This anthology tells three stories: a man buys a car that takes him back and forth through time; a tale of vampires; and a distraught mother asks for her drowned son to come back to life ... See full summary »
Haunted house chiller from Dan Curtis has Oliver Reed and Karen Black as summer caretakers moving into gothic house with their young son. The catch? The house rejuvenates a part of itself ... See full summary »
Five men trapped in the basement vault of an office building share visions with each other of their demise. Stories revolve around vampires, bodily dismemberment, east Indian mysticism, an ... See full summary »
Anthology film from Amicus adapted from four short stories by R. Chetwynd-Hayes strung together about an antique dealer who owns a shop called Temptations Ltd. and the fate that befalls his... See full summary »
Gangsters free one of their colleagues being escorted to prison and kill several FBI agents and local police officers in the attempt. FBI agent Melvin Purvis puts together a special squad ... See full summary »
Helen keeps on receiving phone calls from a child, who claims being her nephew Michael - but Michael died 15 years ago! In these calls he scolds on acquaintances, who then die in suspicious... See full summary »
This anthology tells three stories: a man buys a car that takes him back and forth through time; a tale of vampires; and a distraught mother asks for her drowned son to come back to life and gets more than she bargained for. Written by
You lied, "Mommy!" Bobby didn't drown by accident. You knew that. Bobby drowned himself to get away from you. You see, Bobby didn't want to come back, "Mommy." No... Bobby hates you, "Mommy!" So he sent ME instead!
["Bobby" turns into a monster and she screams]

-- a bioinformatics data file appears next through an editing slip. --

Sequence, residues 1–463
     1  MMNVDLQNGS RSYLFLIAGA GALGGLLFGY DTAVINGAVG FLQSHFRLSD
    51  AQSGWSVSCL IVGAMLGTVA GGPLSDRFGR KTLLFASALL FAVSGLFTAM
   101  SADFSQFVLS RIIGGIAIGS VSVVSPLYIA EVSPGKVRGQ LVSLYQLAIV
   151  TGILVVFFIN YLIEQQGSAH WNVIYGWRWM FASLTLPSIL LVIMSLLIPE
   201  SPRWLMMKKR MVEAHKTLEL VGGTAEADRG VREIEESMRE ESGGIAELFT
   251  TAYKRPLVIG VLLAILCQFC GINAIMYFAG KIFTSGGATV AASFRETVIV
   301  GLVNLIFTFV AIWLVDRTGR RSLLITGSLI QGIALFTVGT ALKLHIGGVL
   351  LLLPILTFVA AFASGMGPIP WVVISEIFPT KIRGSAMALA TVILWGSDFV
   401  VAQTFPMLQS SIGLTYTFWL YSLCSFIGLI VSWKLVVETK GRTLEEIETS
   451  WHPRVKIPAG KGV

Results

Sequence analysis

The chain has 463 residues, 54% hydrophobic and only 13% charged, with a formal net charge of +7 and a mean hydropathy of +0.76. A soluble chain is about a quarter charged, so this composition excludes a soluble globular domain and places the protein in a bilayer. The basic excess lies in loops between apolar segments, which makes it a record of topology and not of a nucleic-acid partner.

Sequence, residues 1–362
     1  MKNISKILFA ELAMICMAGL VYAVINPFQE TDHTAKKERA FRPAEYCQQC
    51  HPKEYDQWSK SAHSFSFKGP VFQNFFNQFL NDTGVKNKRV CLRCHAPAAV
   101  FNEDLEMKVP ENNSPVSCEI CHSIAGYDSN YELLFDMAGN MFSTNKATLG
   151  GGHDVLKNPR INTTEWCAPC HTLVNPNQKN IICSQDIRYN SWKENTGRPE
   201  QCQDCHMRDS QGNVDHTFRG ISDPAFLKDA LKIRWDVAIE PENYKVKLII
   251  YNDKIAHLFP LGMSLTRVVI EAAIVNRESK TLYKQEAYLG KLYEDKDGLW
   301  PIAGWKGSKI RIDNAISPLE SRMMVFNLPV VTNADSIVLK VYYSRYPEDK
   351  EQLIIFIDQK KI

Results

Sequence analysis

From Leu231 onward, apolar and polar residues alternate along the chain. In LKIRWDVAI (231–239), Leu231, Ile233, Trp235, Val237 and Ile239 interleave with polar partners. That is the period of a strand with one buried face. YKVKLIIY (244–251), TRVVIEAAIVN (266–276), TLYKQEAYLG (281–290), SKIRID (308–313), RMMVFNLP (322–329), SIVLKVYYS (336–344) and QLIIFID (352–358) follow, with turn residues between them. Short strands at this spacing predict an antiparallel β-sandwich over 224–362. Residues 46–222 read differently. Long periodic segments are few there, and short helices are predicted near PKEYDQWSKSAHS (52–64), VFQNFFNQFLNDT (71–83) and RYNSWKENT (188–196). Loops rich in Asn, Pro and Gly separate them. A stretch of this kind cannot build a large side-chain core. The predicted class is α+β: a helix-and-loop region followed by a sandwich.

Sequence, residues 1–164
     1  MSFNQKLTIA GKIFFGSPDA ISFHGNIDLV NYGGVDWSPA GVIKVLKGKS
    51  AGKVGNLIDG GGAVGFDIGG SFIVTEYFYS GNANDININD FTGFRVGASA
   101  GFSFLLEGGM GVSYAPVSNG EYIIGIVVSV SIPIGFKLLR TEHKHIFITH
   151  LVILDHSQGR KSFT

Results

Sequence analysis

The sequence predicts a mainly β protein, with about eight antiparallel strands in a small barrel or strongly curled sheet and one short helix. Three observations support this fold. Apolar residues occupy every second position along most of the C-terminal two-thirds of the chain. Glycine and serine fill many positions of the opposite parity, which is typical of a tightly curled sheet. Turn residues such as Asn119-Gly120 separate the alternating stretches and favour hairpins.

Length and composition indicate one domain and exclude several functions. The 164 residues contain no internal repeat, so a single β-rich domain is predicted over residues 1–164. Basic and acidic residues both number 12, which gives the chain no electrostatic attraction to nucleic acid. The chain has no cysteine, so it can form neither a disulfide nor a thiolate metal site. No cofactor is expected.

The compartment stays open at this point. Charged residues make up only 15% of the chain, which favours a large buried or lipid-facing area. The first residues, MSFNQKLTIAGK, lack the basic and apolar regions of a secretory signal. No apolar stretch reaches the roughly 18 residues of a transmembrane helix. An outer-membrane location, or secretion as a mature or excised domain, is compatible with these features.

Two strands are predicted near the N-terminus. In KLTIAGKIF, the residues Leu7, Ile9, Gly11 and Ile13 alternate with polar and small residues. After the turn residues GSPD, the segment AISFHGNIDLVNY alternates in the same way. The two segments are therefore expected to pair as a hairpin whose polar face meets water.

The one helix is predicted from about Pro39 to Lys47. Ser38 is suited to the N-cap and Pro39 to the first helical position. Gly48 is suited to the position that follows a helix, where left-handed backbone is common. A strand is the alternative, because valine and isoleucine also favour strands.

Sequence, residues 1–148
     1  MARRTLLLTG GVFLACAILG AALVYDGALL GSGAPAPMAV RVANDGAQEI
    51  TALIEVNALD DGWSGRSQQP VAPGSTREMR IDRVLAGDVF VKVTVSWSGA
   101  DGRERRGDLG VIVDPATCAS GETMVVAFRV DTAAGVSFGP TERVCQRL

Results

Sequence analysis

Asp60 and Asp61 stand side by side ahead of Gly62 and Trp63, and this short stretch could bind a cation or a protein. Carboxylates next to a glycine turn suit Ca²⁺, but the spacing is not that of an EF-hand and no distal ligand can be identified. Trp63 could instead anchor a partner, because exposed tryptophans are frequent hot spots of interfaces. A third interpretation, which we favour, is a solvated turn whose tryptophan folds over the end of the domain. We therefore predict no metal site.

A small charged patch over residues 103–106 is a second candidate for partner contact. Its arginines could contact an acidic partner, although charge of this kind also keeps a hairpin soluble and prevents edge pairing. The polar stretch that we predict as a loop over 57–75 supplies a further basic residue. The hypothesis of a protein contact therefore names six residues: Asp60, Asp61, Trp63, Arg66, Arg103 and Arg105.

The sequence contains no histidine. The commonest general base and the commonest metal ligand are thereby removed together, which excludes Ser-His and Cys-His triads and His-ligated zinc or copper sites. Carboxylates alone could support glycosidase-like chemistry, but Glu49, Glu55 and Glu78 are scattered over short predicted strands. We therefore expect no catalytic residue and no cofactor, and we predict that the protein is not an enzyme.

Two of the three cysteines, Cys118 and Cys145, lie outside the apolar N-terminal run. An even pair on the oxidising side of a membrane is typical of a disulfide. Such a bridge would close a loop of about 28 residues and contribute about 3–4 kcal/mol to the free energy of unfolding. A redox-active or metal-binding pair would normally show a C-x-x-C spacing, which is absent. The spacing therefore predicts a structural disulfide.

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Wrongfully forgotten made-for-TV film from director Dan Curtis and writer Richard Matheson. In "Second Chance" a man (Ed Begley Jr.) buys a broken down 1926 car so that he can restore it. After doing so he takes it for a spin and ends up back in 1926. "No Such Thing As a Vampire" has a doctor (Patrick Macnee) dealing with his wife who believes she has been bitten by a vampire. Finally, in "Bobby" a mother (Joan Hackett) is coming to terms with the death of her child when her wish is granted that he returns to her. DEAD OF NIGHT isn't all that well known today, which is a real shame because I thought it was much better than the director's better know and more respected TRILOGY OF TERROR. I thought all three stories here were pretty strong, which should come as no shock considering the work Matheson has done previous. The first film would make a perfect episode of The Twilight Zone and I admit that it really caught me by surprise. I thought the direction and performances were top-notch and the little twist towards the end was quite clever. The second film is the weakest of the three but it contains some wonderful atmosphere and also comes with a great twist. As with TRILOGY OF TERROR, the final story is the one that goes for scares and it's a creepy little tale that ends with a brilliant sequence that I won't spoil here. The film also manages to have some nice supporting performances from vets like Ann Doran and Elisha Cook. The music score is also quite effective and the cinematography is much better than you'd normally see in a film like this. I'm really not sure why this film hasn't remained more popular over the years but it's certainly in need of a bigger cult following.
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